In the Beginning: the Original Analog Synthesizer
From many perspectives, Moog invented the analog synthesizer as we know it. Designed in collaboration between engineer/inventor Dr. Robert "Bob" Moog and musician Herb Deutsch in the mid-1960s, the original Moog modular synthesizer not only gave music a new sound palette—it changed the course of music history altogether. It exploited the new possibilities of electronic soundmaking to provide composers and performers new sounds, new textures, and new ways of creating sound altogether.
The Moog was a huge success. Moog's instruments came to define the sound of entire genres, and are a critical part of music by such pioneering artists as Wendy Carlos, Stevie Wonder, Keith Emerson, Paul Beaver, Bernie Krause, Donna Summer, and countless others. Whether in the field of art music, jazz, rock, pop, R&B, or virtually any modern genre, Bob Moog's impact can be directly heard.
The Moog Sound
Not only did Moog's modular systems provide musicians entirely new sonic possibilities—they simply sounded amazing. With the brute power of their analog oscillators to the unmistakable tone of Moog's iconic transistor ladder low pass filter, these instruments became a benchmark by which every other synthesizer is measured, defining the modern concept of East Coast synthesis altogether.
But of course, Moog's modular systems weren't their only instruments—in the early 1970s, they created one of the most important synthesizers of all time, the Minimoog Model D. The Minimoog is behind the sound of Bernie Worrell's Parliament bass lines, Rick Wakeman's lead tones, and much more. The Model D featured all the most important parts of the Moog modular system (including the ladder filter), presenting them in a compact package that was much more immediately approachable to working musicians. This started a musical revolution, and suddenly the Moog sound was everywhere.
In the ensuing decades, Moog continued to produce groundbreaking instruments, including the Polymoog, Memorymoog, and plenty of others. And as the analog resurgence bubbled up in the 1990s and early 2000s, Moog was at the forefront: the Minimoog Voyager, Little Phatty, and Moogerfooger effect pedals were some of the most respected, sought-after, and forward-thinking instruments of their time, presenting a modern take on classic Moog circuits.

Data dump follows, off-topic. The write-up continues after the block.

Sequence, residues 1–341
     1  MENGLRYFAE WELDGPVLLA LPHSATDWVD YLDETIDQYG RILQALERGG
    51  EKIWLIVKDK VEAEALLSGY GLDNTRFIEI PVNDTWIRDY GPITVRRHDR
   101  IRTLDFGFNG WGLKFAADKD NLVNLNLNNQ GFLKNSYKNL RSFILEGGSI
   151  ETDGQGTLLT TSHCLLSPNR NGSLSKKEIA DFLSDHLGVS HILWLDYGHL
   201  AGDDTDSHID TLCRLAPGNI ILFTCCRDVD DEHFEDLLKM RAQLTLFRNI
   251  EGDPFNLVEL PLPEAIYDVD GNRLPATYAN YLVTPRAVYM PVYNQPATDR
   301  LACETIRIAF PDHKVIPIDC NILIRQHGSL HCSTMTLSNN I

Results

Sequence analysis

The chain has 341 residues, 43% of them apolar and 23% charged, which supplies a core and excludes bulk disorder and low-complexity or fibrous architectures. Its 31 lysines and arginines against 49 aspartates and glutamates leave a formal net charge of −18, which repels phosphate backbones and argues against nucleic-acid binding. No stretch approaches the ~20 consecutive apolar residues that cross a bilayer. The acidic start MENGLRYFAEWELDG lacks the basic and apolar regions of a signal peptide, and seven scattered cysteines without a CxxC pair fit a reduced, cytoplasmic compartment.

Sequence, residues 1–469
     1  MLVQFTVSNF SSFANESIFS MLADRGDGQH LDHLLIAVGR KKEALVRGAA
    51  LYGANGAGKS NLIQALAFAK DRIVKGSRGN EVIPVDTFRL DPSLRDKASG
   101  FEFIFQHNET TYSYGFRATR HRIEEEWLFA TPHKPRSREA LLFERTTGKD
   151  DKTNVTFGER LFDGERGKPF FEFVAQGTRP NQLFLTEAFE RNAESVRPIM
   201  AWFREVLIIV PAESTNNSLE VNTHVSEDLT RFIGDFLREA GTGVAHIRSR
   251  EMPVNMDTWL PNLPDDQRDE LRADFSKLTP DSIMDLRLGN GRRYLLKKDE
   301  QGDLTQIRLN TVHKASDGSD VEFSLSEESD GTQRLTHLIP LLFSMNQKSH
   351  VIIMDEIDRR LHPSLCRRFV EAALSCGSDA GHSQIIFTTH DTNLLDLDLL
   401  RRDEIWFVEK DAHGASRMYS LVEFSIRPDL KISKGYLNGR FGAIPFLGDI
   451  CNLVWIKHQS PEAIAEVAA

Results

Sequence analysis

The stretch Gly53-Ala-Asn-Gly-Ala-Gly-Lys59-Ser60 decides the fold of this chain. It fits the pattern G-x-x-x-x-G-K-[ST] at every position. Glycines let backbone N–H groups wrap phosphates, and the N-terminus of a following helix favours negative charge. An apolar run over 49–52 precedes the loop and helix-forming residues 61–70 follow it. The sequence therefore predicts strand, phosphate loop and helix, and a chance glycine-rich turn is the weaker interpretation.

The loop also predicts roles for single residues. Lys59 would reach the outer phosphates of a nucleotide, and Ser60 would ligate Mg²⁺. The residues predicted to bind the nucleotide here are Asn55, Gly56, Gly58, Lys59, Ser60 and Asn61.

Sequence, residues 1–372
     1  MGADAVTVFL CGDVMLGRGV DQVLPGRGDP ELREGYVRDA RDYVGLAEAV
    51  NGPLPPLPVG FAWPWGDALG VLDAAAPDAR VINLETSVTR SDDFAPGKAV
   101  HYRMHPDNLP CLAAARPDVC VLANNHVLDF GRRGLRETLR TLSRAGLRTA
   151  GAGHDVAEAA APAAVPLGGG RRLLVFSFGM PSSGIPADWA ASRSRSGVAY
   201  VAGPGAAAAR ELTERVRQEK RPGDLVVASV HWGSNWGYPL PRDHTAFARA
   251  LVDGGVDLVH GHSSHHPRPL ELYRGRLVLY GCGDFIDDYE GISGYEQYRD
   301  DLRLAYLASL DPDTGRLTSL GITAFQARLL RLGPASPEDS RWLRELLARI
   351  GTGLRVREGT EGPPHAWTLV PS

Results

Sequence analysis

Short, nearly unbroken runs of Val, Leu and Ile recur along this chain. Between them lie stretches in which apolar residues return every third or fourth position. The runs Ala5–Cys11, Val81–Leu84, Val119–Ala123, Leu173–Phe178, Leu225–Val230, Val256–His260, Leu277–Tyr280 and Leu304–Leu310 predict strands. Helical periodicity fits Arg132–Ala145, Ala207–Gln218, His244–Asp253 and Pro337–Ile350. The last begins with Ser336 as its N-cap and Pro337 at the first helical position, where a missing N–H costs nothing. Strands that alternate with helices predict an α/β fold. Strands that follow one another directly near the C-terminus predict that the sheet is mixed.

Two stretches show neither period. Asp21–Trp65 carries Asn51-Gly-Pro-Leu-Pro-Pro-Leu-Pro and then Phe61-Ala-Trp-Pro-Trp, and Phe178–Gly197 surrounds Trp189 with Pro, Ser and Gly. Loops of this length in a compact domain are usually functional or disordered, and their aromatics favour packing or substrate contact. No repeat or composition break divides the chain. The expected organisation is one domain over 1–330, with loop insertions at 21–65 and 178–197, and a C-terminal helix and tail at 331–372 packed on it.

Moog in the Modern Age
Today, Moog Music, Inc. continues to produce some of the most respected instruments on the market—ranging from theremins and entry-level synth options all the way to groundbreaking synths designed to meet the demands of forward-thinking producers and sound designers. Each of their modern instruments draws directly on their long-standing history and design traditions, taking them another step into the future.
Moog's affordable line of semi-modular synthesizers provides the sound and patching workflow of their classic modular systems, with each model offering a solution to specific modern musical needs. Mother-32 is a bass and lead synth, packing a full analog Moog synth voice and sequencer into a compact desktop package. DFAM is a percussion synthesizer, turning a few simple synthesis resources into a huge-sounding barrage of electronic drums. Subharmonicon takes an experimental approach to melody, harmony, and rhythm, while Mavis presents an affordable, accessible entry point for newcomers to patchable synthesizers. While each of these ships as a self-contained instrument, they're also fully Eurorack-compatible...making them a great gateway into the world of modular synthesis.
Keyboard synths like Grandmother and Matriarch provide an all-analog signal path while maintaining the semi-modular structure of the Mother-series instruments, making them perhaps the best synths for keyboardists looking to explore modular synthesis. The Subsequent 25 and Subsequent 37, on the other hand, develop on the lineage of the Little Phatty and Voyager: they're fully-analog synthesizers with full preset memory and enormous sound design potential, making them a top choice among professional performers looking for highly flexible monophonic synths. Similarly, the desktop-format Minitaur is a stellar choice for anyone looking for a powerful bass synth.
And of course, Moog's One is perhaps the most sophisticated analog keyboard synthesizer of all time. With up to 16 voices of polyphony, a multitimbral sound engine, world-class built-in effects, and an insane level of flexibility for modulation and external control, One is no doubt a synthesizer that musicians will be able to explore for decades...and a synthesizer that designers will be looking to for inspiration for years to come.
So what's next for Moog? No doubt it'll be something powerful, excellent-sounding, inspiring, and just plain fun.